Self-Publishing Paths: Week 1, Research

Treat your writing like a passion, but treat your novel like a business.

Like many of you, though I have written my entire life, it’s only been in the last two years that I picked up my grown-up author pen and forayed into the world of independent publishing. With great motivation—and stubbornness—comes great responsibility, and I embraced the responsibility of taking this writing business as seriously as possible. Along the way, I’ve achieved both (in my mind) soaring successes and (in reality) abysmal failures. So I’ve decided to share as much as I know about how to achieve those soaring successes and avoid those abysmal failures so others who are on the way to becoming or are already in the midst of being an independent author can perhaps enjoy a smoother road for it.

Isaac Asimov said, “Self-education is, I firmly believe, the only kind of education there is.” And that is the first thing you must do in order to fly your indie flag at its grandest height. Researching and learning the business from both the traditional and the independent or self-publishing perspective is the essential ingredient to making the best choices for your own writing career. Each person must decide for themself what fork in the path they want to take in regard to going trad or indie, but to make a good decision, you must be as informed as possible about what you’re gaining and/or losing in either choice.

While the topic of whether to self-publish or go the traditional route is HUGE, with compelling arguments for and against on both sides, the golden answer is still elusive. A few authors even embrace a hybrid route with much success in both venues. Authors John Scalzi, Amanda Hocking, JA Konrath, Hugh Howey, Chuck Wendig, Bob Mayer, and Barry Eisler may be useful sources for you to look into, almost all who have taken the hybrid route. As for me, I chose to self-publish for these main reasons. 

1. Wanting to retain my rights. Due to my type of fiction being niche and midlist at best, the likeliest life-cycle scenario for my novels with a traditional publisher would be limited short-term promotion and eventually going out of print (though not the ebook), thus severely limiting potential to earn profits down the line (since the publisher owns the rights). As this is common, it made me unwilling to give up my works’ long-term earning potential. Additionally, publishers are paying smaller and smaller advances, and I personally think legacy royalty rates are criminally low, especially given the disparity between the price of ebooks, where royalties for authors are only around 25 percent, and the near-zero cost to the publisher to create and distribute them. To give you a sense of comparison, distributing your own ebook through sites like Amazon nets you a royalty rate anywhere from 35 to 70 percent. Additionally, you’re able to track your own sales data and don’t have to rely on the publisher to manage that for you. (Conversely, see next week’s post about the different costs of self-publishing, which are almost entirely absorbed by the publisher in the traditional model.)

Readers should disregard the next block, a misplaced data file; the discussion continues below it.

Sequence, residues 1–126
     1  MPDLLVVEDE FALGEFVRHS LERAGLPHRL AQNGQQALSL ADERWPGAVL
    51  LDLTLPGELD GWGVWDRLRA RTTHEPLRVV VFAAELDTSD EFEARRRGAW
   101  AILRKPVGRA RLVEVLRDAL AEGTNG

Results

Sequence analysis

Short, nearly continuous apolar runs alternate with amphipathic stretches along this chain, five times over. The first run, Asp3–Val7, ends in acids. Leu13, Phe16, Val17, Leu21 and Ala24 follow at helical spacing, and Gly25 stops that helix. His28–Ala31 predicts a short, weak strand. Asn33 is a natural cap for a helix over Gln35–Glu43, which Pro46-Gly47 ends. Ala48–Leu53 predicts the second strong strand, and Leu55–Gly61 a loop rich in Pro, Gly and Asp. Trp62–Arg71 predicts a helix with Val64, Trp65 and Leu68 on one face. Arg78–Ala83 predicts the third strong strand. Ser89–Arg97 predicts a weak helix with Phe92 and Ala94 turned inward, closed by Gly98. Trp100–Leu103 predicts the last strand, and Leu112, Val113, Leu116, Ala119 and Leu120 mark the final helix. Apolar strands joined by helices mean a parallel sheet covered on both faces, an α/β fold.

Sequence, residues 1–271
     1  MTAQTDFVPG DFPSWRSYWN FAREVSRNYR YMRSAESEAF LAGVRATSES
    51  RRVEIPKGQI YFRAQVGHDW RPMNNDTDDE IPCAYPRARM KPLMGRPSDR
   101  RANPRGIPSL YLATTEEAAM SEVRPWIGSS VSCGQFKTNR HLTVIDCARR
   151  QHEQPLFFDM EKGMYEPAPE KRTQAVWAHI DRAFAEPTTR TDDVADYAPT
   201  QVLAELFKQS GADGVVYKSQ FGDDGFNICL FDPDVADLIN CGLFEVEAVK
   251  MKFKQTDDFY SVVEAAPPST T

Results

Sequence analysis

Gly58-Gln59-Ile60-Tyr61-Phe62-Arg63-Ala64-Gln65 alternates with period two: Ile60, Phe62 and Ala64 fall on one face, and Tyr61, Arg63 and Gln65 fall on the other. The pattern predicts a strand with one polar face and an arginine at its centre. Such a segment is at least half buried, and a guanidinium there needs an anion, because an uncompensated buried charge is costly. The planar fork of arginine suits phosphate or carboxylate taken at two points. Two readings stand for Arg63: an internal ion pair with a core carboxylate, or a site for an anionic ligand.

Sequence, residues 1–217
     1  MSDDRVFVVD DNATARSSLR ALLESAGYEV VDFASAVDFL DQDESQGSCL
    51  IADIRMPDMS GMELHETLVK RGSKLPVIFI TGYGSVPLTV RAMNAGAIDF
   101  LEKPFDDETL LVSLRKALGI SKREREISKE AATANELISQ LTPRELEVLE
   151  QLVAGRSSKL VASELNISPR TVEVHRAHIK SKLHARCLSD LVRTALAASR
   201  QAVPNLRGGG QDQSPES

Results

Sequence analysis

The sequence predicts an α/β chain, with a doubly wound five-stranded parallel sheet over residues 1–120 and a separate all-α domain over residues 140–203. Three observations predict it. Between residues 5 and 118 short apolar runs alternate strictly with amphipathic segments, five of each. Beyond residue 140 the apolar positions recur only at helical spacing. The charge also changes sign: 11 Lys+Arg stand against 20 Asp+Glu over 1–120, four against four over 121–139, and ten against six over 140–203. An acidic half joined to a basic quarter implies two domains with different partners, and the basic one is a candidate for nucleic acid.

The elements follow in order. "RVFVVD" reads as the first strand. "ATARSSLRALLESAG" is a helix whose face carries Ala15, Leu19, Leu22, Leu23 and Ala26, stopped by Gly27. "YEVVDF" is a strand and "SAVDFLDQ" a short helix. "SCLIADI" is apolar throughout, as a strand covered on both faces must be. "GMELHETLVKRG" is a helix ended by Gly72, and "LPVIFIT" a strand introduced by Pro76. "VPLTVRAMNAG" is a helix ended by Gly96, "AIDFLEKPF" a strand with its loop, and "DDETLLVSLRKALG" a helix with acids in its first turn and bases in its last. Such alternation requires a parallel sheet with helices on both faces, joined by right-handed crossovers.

2. I am realistic about what’s required to be successful as an independent author and am willing to be in the game for the long haul. A key variable in the publishing game is that self-published authors have more long-term success if they have many published works than if they choose to go the traditional route and wait and hope that their first novel will sell to a publisher and then to the public.

3. Perhaps the least supportable, but no less true, reason I’ve chosen indie is because of an unwillingness to try to woo an agent and then have an agent try to woo a publisher. This typical route puts novels on the waiting list, sometimes for years, which is not necessary with the self-publishing option. Likewise, the traditional model of publishing isn’t robust enough to publish every good book (which many indie books are), and turns away these good novels simply because they are not currently “marketable.” Self-publishing to some degree allows authors to define and create their own market, not wait for the market that is defined by traditional publishing to be ready for their novel.

4. Being able to publish now will only gain me an audience. If, down the road, I decide to attempt a traditional route, I’ll already have the “cred” to woo publishers.

So, in a nutshell, I think self-publishing, if managed right, gives authors several advantages, particularly with both short-term satisfaction and long-term success. I believe traditional publishing offers these as well, but for me, the waiting game and lowered negotiating power new authors have in traditional publishing does not outweigh those advantages. With authors like Hocking, Konrath, and Howey, self-publishing first has been a highly successful strategy for acquiring traditional publishing and silver-screen deals that potentially benefit them more than if they’d tried as new, unknown authors.

Full Series
Create your business plan and publishing calendar.
Learn how to create an ebook or hire someone to do it (including pros and cons of each option).
Research the different distribution sites, their requirements, and how long they take to set up and use.
Learn how and where to find an editor, proofreader, and cover designer.
And finally, learn how to market, including using social networking sights, blog hops, and review requests.

3 Replies to “Self-Publishing Paths: Week 1, Research”

  1. Pingback: Self-Publishing Paths: Week 4, Creating eBooks – Tammy Salyer

  2. Pingback: Self-Publishing Paths: Week 2, Business Plans – Tammy Salyer

  3. Pingback: Self-Publishing Paths: Week 2, Business Plans | Tammy Salyer

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